Fed, Treasury Fall Back on Existing 'Inadequate' Tools
With no federal deal, agencies limited to ad hoc solutions
By Clay Dillow,  Newser Staff
Posted Sep 30, 2008 11:42 AM CDT
Treasury Secretary Henry Paulson, left, accompanied by Federal Reserve Chairman Ben Bernanke, testifies on Capitol Hill in Washington, Wednesday, Sept. 24, 2008.   (AP Photo/Manuel Balce Ceneta)
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(Newser) – With yesterday’s failure of the $700 billion bailout, the Fed and Treasury are reconsidering their options, the New York Times reports. Fearful of cutting interest rates, they're back to rescuing struggling institutions on a case by case basis, and printing money—offering $150 billion in emergency loans to banks and $330 billion to foreign central banks yesterday.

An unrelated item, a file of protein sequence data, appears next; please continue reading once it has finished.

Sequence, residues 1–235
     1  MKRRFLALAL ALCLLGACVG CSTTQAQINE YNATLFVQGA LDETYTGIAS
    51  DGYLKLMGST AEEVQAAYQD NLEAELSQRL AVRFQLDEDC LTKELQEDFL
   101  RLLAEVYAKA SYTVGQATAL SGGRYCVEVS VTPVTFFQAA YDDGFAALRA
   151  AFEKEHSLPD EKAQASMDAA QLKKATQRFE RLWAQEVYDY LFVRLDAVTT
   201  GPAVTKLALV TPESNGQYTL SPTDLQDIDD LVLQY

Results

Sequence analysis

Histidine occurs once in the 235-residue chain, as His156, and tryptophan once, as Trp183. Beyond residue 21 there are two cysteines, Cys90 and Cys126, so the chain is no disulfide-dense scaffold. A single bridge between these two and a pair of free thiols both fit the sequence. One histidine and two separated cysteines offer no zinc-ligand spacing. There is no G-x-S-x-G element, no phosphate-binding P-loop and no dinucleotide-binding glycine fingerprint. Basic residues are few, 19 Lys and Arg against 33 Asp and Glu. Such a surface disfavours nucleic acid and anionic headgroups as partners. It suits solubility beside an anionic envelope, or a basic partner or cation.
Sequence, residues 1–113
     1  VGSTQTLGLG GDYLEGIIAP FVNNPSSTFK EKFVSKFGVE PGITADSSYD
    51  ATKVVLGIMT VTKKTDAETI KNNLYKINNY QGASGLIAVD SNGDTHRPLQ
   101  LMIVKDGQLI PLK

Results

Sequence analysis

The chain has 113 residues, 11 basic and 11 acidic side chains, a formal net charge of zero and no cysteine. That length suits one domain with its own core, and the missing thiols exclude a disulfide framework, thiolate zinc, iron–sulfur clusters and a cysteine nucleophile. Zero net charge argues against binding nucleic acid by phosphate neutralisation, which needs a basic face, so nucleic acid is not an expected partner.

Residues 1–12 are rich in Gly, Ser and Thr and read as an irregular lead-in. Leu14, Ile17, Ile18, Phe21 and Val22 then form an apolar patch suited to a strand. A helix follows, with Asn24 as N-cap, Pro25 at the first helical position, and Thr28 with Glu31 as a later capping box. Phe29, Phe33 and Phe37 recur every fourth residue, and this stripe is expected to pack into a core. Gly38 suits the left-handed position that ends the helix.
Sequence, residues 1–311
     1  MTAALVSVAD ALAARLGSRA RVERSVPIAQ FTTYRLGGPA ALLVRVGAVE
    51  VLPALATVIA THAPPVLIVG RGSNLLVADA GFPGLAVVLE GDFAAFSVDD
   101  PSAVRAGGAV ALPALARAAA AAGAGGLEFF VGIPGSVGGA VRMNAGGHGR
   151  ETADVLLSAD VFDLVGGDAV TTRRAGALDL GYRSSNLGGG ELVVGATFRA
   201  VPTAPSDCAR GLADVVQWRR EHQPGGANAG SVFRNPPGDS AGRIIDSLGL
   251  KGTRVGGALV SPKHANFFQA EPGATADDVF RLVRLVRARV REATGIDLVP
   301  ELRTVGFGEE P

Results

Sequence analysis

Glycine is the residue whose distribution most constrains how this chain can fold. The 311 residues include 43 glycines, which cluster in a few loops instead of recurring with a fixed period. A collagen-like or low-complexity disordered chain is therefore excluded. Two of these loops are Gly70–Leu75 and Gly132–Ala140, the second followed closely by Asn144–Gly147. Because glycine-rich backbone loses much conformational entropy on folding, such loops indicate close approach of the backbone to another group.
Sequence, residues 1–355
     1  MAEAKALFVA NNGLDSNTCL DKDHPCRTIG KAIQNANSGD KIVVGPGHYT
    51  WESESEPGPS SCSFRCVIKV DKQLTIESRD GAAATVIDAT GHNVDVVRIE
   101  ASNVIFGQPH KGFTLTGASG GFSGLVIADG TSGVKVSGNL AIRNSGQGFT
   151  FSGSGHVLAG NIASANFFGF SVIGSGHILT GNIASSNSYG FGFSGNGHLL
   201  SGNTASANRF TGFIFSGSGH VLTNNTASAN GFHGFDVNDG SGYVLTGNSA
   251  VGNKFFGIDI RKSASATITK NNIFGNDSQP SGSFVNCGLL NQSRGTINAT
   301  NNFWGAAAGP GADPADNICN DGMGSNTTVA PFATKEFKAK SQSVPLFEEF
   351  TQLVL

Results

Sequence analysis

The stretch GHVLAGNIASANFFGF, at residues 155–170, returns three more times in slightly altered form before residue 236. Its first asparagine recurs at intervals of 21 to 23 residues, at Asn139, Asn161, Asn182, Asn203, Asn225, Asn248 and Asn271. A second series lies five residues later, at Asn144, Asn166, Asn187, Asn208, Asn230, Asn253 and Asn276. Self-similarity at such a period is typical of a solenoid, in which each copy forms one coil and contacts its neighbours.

“The problem is that these are just a series of ad hoc solutions on a business-by-business basis, and they aren’t addressing the systemic problems in any basic way,” one economist says. With bailout uncertain, the agencies have no choice but to draw from a toolkit Treasury Secretary Henry Paulson called “substantial but insufficient.” Treasury yields sank to a meager 0.29% yesterday, and interbank lending rates soared, underscoring banks’ fear of lending.